Posts Tagged ‘thunder’

First Rain

October 2nd, 2012

It had been building up for a few days now. The air was heavy. It was hot, humid. Stifling. Then, early this afternoon, it broke with a flash of light, followed by a thunderclap: Beirut’s the first rains after the summer.

I had the most extraordinary view from my balcony. The sky grew dark surprisingly fast. Strong winds threatened to blow away my laundry and had the heavy rain falling at a sharp angle. And the lighting! I don’t think I’ve ever seen so much lightning.

At some point, while standing on the balcony transfixed  - watching the changing landscape, listening to the rain, the wind, the incredibly loud cracks and the rolling rumble of thunder, smelling the wonderful scent of wet earth – I thought of my camera. I’d never taken pictures of lighting. Never really had the opportunity to.

To get a good shot of lightning, you need to set up properly, and to have a measure of patience.

First, the setup. Ideally, you need to set your camera up on a tripod, and in an area which is sheltered from the lashing winds and the rain. Water droplets on your lens can ruin a shot. And worse, water in your camera can, well, ruin your camera. Second, you need a remote trigger, or a cable release. This is to eliminate any vibrations from your finger depressing the shutter button on the camera.

As regards settings, I set the camera to manual mode, set aperture at f22 (the narrowest I could do with the particular lens), ISO at the lowest possible setting, and shutter speed at as slow a speed as I could to get a properly exposed image (in this case, I varied it at between 1 second to 2 seconds, depending on how dark it got). The relatively long exposure time makes it doubly important to ensure that there is no vibration – hence the tripod and cable or wireless trigger – and the long exposure time also helps in increasing your chances of catching lighting (more on that in a moment). It also gives your camera breathing space. Every camera has a buffer – if you take too many shots in rapid succession, you can overload the buffer, which means there may be a lag between one shot and the next while your camera’s processor struggles to keep up. This lag can mean the difference between getting the shot, and not.

Next, you need to ensure you have a big memory card with lots of free space on it. See, since it’s impossible to know where lightning will strike next, and when, you need luck and patience. The trick is to compose your shot in an area where you see a lot of activity, and then fire away. Just keep shooting continuously, shot after shot after shot in immediate succession. There’s just no way you can hope to catch lightning by pressing the shutter button just when you see it. So you just keep shooting, wait patiently, and hope for the best. Hence the memory card with the lots of empty space and the patience.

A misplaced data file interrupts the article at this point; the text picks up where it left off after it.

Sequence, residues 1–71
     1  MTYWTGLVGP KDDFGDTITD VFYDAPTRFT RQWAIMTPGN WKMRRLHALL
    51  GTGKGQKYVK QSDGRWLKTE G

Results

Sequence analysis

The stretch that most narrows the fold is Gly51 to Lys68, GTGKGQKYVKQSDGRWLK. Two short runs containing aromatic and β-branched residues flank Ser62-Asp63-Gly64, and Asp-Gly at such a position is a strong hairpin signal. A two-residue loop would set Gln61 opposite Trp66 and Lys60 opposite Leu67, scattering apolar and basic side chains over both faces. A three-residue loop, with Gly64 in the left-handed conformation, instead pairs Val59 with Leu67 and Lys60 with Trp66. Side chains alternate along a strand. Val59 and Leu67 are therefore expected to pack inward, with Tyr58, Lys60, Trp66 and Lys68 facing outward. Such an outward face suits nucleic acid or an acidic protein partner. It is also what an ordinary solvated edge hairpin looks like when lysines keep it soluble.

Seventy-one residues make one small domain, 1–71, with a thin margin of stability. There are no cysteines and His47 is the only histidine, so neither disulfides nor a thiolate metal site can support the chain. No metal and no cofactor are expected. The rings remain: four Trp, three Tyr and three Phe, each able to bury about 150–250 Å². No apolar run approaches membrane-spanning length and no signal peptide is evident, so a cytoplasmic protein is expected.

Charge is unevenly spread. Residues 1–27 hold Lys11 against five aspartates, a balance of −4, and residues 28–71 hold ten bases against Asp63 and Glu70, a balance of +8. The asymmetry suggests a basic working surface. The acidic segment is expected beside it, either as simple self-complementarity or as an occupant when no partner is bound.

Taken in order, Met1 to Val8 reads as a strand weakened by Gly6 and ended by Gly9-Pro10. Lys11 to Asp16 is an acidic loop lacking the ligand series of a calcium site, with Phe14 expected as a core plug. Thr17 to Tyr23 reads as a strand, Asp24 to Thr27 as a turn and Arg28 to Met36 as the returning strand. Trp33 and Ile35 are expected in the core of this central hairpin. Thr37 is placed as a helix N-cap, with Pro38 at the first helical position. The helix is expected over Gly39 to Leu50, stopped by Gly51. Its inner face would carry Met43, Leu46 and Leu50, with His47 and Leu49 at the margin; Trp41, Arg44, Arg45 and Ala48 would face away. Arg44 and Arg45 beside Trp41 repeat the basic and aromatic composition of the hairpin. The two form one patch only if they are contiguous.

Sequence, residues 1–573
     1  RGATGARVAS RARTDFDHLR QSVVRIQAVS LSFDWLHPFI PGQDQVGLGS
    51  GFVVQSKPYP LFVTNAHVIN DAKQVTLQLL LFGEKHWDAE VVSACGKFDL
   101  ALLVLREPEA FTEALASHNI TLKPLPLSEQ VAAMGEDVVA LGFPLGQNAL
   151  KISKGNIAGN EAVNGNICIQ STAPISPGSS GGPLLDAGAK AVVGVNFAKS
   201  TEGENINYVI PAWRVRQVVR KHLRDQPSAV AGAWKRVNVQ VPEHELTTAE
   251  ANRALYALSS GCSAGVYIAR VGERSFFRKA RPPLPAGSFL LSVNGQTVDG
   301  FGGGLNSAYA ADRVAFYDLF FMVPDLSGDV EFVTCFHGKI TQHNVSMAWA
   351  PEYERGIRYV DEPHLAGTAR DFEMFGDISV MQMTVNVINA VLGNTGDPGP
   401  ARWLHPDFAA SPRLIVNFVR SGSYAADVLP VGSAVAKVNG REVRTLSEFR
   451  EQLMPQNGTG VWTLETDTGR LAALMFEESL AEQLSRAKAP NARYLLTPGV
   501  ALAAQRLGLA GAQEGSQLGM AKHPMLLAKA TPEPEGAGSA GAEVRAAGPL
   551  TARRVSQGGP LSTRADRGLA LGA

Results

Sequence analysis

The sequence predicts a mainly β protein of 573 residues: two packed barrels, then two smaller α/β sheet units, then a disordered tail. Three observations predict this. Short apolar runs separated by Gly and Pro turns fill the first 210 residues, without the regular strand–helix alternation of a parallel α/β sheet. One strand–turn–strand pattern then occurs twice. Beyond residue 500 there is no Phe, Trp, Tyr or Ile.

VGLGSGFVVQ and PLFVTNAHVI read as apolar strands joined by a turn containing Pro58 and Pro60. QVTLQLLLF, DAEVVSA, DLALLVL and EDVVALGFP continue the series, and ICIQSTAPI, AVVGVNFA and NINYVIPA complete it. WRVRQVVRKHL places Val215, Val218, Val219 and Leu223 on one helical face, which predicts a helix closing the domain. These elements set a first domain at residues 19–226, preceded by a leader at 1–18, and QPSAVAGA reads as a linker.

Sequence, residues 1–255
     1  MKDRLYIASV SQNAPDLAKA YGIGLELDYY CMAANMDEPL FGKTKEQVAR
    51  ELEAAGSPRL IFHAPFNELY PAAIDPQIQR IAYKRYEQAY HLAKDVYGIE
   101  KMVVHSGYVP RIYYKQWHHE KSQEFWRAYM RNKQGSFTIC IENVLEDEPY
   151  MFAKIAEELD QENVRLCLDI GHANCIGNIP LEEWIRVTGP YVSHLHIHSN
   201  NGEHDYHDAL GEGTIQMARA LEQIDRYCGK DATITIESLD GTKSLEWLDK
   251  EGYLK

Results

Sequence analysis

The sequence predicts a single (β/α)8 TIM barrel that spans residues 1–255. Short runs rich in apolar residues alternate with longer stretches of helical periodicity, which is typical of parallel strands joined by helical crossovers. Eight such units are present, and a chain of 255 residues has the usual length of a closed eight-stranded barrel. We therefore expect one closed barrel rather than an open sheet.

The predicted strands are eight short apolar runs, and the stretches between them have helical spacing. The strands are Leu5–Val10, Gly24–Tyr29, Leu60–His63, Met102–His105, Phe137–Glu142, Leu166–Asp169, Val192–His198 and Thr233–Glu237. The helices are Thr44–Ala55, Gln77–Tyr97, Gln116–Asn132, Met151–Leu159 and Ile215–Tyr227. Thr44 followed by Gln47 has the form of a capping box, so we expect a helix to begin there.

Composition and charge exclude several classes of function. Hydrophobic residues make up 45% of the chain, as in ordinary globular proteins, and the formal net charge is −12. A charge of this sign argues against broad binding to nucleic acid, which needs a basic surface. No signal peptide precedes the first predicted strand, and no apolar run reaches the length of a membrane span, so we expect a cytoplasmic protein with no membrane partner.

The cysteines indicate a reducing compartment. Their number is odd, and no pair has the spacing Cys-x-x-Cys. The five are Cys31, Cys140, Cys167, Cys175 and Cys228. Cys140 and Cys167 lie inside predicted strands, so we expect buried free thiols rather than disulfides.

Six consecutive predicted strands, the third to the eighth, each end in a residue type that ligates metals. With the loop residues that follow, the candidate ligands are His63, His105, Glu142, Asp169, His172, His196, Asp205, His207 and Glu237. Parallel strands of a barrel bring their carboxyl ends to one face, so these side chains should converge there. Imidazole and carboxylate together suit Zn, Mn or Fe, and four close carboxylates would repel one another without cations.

Unfortunately for me, of the above gear, I had virtually none at my immediate disposal.

No tripod (it broke on my last trip and I haven’t had the chance to replace it yet). No cable release (it’s in my other bag). No memory card with oodles of space (While I’ve downloaded the pics from my last shoot, I haven’t backed them up yet, so until I do, I don’t delete them from my memory cards – You never know). So I improvised as best I could. The balcony table was too low and too wobbly for my purposes, so I took two dining room chairs, plonked them outside on the balcony, each chair facing away from the other and about 15 cm apart. I then placed a stack of books on the crests, forming a bridge between the chairs. I placed my camera on this and used my SB900 strobe’s diffusion dome as a lens support to allow me to tilt the camera and compose my shots.

Once I’d composed my shots and set up, I’d fire away for a while. Then pause, rapidly look through the images and delete the one which didn’t capture lightning (something like 90% of them). Rinse. Repeat. I lost a lot of spectacular opportunities this way. Worse, the whipping winds sent periodically sent rain flying all over the place. Invariably, it ended up on the lens and the camera. Which meant running back inside to wipe off, then come back out and set up again once the rain focused it’s attention elsewhere.

Despite all this, I think I got some pretty decent shots, especially for a first try. :) Do let me know what you think.

And yep, I aim for this to mean that I’ll start posting regularly again. I seem to be shooting a lot of weddings lately, and so may post something on that soon. Stay tuned!

Cheers!

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Looking Out at the Rain

December 20th, 2009

The night of my arrival in Beirut I was greeted with violent thunderstorms. So violent were they that, on landing, the plane shuddered and shook a bit more than most passengers were comfortable with.

The day after was no different.

I love looking out at the rain from the cosiness of my warm, dry, armchair.

The Rain (D700, Nikkor 105mm f/2.8 @ 105mm, f11, ISO 200, 1/320sec)

The heavy rain slows everything down, and allows you time to rediscover things at home, like books.

A Passion for Books (D700, Nikkor 105mm f/2.8 @ 105mm, f3.2, ISO 200, 1/100sec)

Of course, every so often, the showers would stop for a moment or two, allowing a furtive burst of sunlight to pass through a break in the cloud cover, before the black clouds would regroup and double their efforts at drowning the world.

A Break In the Cloud (D700, Nikkor 105mm f/2.8 @ 105mm, f2.8, ISO 200, 1/200sec)

And yes, the colours  in the picture above above are as is – untreated.

More pictures coming soon.

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